Ticket #3627 (new Feature Requests)

Opened 7 years ago

Last modified 7 years ago

boost::asio::async_read() cannot be used with null_buffers()

Reported by: Dmitry Goncharov <dgoncharov@…> Owned by: chris_kohlhoff
Milestone: To Be Determined Component: asio
Version: Boost 1.40.0 Severity: Not Applicable
Keywords: asio async_read null_buffers Cc:


An attempt to use async_read() with null_buffers() causes the handler to be invoked even when the underlying file descriptor is not yet available for reading.

The following test demonstrates the problem

void test_async_read() {

struct local {

static void on_ready(boost::system::error_code const& error, int* invoked) {

BOOST_CHECK(!error); *invoked = 1;



int p[2]; int const s = pipe(p); BOOST_CHECK(0 == s);

boost::asio::io_service ios; boost::asio::posix::stream_descriptor sd(ios, p[0]); ios.reset(); int invoked = 0; boost::asio::async_read(sd, boost::asio::null_buffers(), boost::bind(&local::on_ready, _1, &invoked)); ios.poll_one(); BOOST_CHECK(!invoked); doesn't pass


This test doesn't pass on linux using either epoll or select multiplexing mechanism. This test also doesn't pass on freebsd using either kqueue or select multiplexing mechanism.


Change History

comment:1 Changed 7 years ago by jkp@…

  • Severity changed from Problem to Regression

I can also confirm that this is the case on OS X. The question I have is whether the change is intended? The new documentation seems to imply it is:

If the total size of all buffers in the sequence mb is 0, the asynchronous read operation shall complete immediately and pass 0 as the argument to the handler that specifies the number of bytes read.

Also, the changelist for 1.40.0 says the following:

Changed the buffered*_stream<> templates to treat 0-byte reads and writes as no-ops, to comply with the documented type requirements for SyncReadStream, AsyncReadStream, SyncWriteStream and AsyncWriteStream.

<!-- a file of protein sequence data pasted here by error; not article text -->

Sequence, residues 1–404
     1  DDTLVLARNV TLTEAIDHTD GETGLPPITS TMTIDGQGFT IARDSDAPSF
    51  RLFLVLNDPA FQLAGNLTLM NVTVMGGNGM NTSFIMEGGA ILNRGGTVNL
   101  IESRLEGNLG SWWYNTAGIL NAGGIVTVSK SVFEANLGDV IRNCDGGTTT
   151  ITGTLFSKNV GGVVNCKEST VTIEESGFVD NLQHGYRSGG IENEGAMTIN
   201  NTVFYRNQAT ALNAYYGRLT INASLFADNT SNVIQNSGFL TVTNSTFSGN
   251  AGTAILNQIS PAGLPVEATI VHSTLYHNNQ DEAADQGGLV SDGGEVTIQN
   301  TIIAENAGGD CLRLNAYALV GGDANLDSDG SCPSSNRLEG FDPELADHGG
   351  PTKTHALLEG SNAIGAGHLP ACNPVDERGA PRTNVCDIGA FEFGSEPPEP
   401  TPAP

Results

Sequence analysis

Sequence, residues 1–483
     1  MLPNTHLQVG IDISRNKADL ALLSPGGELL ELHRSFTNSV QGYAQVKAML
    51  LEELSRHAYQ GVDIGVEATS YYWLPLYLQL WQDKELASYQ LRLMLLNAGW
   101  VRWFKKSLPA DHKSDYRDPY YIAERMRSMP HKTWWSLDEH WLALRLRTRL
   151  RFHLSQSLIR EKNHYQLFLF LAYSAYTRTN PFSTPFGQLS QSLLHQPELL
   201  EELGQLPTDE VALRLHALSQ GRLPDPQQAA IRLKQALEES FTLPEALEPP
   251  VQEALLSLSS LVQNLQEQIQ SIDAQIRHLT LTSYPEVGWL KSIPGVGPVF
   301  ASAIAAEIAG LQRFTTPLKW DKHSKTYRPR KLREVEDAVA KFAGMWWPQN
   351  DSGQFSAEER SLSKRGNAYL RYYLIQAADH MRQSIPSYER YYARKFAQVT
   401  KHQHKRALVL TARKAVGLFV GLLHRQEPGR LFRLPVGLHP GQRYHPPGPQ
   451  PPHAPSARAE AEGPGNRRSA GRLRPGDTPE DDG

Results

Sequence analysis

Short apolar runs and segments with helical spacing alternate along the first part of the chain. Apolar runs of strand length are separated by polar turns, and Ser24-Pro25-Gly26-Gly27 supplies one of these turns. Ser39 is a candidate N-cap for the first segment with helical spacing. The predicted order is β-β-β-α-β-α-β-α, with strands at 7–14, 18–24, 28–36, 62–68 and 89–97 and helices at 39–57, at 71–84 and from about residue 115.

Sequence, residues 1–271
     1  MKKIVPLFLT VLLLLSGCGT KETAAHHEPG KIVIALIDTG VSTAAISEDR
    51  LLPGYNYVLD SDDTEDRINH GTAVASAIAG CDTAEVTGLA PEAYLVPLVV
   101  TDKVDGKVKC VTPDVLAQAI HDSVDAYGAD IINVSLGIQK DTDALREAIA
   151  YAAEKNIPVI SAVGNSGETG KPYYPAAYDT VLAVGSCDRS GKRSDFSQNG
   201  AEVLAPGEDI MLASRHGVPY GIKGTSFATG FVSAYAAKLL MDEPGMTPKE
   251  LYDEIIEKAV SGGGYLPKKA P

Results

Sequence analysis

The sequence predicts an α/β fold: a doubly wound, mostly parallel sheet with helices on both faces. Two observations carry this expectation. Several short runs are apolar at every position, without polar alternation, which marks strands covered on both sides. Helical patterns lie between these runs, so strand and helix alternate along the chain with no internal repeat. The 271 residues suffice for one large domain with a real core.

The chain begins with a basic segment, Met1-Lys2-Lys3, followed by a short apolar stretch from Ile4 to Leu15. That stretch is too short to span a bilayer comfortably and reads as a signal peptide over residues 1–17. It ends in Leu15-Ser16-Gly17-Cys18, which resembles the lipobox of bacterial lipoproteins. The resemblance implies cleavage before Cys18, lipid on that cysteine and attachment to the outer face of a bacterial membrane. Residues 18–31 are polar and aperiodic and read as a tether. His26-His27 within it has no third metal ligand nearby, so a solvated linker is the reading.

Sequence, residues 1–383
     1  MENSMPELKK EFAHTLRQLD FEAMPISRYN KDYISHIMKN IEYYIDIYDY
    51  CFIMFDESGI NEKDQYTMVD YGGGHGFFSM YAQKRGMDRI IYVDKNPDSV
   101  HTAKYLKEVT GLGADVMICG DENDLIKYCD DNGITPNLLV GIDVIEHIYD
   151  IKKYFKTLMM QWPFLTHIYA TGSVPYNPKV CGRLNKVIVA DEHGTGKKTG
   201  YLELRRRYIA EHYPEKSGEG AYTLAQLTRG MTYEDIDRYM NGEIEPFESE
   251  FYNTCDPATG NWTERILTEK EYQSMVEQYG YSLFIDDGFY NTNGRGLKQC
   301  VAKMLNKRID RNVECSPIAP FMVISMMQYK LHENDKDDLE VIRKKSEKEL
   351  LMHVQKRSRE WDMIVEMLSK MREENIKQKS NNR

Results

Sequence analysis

It's unclear what the intendended behaviour is from these two snippets. Certainly pre 1.40.0 you could call async_read with null_buffers and get a callback when some new data had arrived. This is extremely useful functionality, esp for code that has layered other streams on-top of the asio ones. Right now I have no way to check for data (async) without reading it off the socket.

comment:2 Changed 7 years ago by chris_kohlhoff

  • Severity changed from Regression to Problem

Not a regression. The null_buffers() type never worked with async_read().

You may confirm that it doesn't work by making the following changes to the nonblocking example:

@@ -117,7 +117,8 @@

if (session_impl_.want_read() && !read_in_progress_) {

read_in_progress_ = true;

  • socket_.async_read_some(

+ boost::asio::async_read(socket_, + socket_.async_read_some(

boost::asio::null_buffers(), boost::bind(&connection::handle_read,


@@ -138,6 +139,8 @@

void handle_read(boost::system::error_code ec) {

+ printf("handle_read\n"); +

read_in_progress_ = false;

Notify third party library that it can perform a read.

I just checked against 1.39.

comment:3 Changed 7 years ago by chris_kohlhoff

  • Type changed from Bugs to Feature Requests
  • Severity changed from Problem to Not Applicable
  • Milestone changed from Boost 1.41.0 to To Be Determined

The null_buffers type is only intended for use with async_read_some() and async_write_some() on the "lowest layer", i.e. the socket or descriptor. It is not part of any of the stream type requirements, and so not supported by composed operations such as async_read.

If it worked with the buffered*_stream<> templates then that was just a side effect of the 0-byte read/write bug.

It may or may not be useful to support null_buffers as part of the stream type requirements. I'm reclassifying this as a feature request as something to think about in the future.

In any case:

Right now I have no way to check for data (async) without reading it off the socket.

is not correct. It works just fine if you use async_read_some() on the socket.


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